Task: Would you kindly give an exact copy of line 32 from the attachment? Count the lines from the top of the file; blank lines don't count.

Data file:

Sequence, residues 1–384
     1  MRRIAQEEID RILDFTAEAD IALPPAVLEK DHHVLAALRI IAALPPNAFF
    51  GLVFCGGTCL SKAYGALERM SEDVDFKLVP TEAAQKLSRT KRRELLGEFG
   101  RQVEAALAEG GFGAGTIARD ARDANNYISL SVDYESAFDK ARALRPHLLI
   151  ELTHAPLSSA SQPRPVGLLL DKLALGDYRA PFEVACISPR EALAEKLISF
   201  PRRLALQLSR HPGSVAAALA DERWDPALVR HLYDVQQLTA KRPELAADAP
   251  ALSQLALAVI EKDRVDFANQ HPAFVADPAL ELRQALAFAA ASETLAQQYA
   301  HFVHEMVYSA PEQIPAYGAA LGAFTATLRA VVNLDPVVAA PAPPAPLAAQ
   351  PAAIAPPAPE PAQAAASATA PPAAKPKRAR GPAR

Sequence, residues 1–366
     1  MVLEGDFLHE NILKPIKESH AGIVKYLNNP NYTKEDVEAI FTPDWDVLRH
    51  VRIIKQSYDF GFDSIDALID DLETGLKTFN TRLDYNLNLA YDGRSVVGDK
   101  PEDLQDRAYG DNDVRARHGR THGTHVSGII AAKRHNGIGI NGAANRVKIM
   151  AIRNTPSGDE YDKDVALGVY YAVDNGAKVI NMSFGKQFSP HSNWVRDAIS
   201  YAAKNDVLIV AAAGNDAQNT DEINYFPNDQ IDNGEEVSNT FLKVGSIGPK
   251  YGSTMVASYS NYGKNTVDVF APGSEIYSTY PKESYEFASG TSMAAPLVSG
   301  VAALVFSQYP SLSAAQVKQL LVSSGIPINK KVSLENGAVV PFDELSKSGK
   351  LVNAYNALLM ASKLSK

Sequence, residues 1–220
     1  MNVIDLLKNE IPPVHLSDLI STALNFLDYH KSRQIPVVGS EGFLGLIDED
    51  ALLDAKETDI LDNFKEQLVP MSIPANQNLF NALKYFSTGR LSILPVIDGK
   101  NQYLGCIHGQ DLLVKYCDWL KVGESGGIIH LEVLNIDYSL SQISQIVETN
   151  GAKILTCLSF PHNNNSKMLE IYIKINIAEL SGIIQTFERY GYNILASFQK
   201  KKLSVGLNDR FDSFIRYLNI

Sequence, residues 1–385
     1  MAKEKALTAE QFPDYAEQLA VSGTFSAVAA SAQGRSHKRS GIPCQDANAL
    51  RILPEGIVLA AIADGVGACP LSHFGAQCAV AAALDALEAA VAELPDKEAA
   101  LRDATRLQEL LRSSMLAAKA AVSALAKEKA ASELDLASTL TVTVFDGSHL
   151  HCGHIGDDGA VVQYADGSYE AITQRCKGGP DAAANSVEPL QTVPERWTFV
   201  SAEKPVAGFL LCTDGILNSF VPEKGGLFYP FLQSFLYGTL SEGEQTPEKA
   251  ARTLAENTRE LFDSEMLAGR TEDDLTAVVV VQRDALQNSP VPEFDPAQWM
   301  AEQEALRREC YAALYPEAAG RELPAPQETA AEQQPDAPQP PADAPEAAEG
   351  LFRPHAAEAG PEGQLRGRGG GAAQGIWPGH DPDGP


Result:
   301  AEQEALRREC YAALYPEAAG RELPAPQETA AEQQPDAPQP PADAPEAAEG